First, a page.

Edward Tick writes that America’s veterans are denied connection to their communities and the basic rituals that are needed for reintegration into society following military service. This ritual requires sharing the burdens of the veteran with their community through story. Art can serve as this much-need ritual lacking in our modern military. Art is a means for storytelling. Veterans not only need other veterans, they also need their communities. This exhibit bridges the gap between civilian and military communities in order to foster compassion and understanding.
The artwork of About Face is installed within a constructed setting of a home. The artwork was created using photography and papermaking processes. The handmade rag paper is created from military uniforms, known in the veteran-artist community as "Combat Paper”, combined with baby clothes. About Face explores the complexities and contradictions of family and identity in post 9/11 daily military life.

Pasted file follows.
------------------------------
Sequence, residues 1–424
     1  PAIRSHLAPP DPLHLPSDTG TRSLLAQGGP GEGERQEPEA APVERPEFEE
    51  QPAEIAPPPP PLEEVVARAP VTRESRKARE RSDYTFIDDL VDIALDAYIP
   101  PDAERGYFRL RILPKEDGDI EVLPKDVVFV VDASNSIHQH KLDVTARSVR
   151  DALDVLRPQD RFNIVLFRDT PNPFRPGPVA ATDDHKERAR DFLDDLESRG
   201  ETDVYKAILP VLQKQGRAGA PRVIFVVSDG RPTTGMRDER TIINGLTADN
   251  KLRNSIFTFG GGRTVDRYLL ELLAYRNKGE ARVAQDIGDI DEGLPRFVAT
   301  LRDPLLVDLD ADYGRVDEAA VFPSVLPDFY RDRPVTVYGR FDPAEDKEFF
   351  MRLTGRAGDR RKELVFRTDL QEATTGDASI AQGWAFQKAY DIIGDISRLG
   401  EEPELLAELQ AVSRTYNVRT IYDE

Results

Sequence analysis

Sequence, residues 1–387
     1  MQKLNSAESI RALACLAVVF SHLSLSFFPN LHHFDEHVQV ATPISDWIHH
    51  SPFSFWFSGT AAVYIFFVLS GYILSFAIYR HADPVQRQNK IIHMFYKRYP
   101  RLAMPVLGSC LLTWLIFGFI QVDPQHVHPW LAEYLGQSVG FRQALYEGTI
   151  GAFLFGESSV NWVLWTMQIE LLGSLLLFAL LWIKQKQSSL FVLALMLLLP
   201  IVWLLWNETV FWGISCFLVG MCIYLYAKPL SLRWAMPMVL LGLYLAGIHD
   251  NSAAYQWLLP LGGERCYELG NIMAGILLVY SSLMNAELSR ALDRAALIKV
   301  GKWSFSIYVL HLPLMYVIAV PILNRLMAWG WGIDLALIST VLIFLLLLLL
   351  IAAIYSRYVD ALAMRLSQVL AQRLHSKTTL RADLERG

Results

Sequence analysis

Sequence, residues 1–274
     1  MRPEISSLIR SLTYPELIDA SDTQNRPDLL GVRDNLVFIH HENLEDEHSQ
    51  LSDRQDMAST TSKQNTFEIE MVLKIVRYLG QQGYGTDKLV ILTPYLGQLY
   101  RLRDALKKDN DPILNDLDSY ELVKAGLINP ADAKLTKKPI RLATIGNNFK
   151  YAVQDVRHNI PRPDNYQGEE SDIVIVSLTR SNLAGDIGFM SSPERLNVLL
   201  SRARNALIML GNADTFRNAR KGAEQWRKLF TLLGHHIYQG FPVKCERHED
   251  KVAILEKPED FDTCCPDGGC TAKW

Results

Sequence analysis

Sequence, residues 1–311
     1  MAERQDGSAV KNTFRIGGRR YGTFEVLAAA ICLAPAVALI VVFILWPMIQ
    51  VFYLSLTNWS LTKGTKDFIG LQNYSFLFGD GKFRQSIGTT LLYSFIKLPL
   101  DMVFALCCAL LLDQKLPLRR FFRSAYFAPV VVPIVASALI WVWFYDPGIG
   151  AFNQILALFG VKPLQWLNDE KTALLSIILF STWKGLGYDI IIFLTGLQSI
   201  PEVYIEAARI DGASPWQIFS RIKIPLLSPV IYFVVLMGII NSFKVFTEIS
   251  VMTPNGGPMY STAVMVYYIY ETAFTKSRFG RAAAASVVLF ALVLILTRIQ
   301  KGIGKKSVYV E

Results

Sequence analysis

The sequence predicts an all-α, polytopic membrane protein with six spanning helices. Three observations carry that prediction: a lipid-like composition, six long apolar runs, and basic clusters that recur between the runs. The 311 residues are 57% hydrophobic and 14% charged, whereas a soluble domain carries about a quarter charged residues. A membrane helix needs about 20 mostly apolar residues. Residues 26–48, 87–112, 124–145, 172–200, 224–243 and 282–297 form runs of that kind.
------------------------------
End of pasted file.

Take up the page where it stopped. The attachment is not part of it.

This exhibit is an awakening to the fact that war lingers and haunts the community upon which the veteran returns, even when that society does not to notice these phantoms. The exhibit offers a space for open communication and welcomes all who are willing to bear witness. This work serves as a voice for those who too often remain silent.
Low Residency MFA in Visual Studies (LRVS)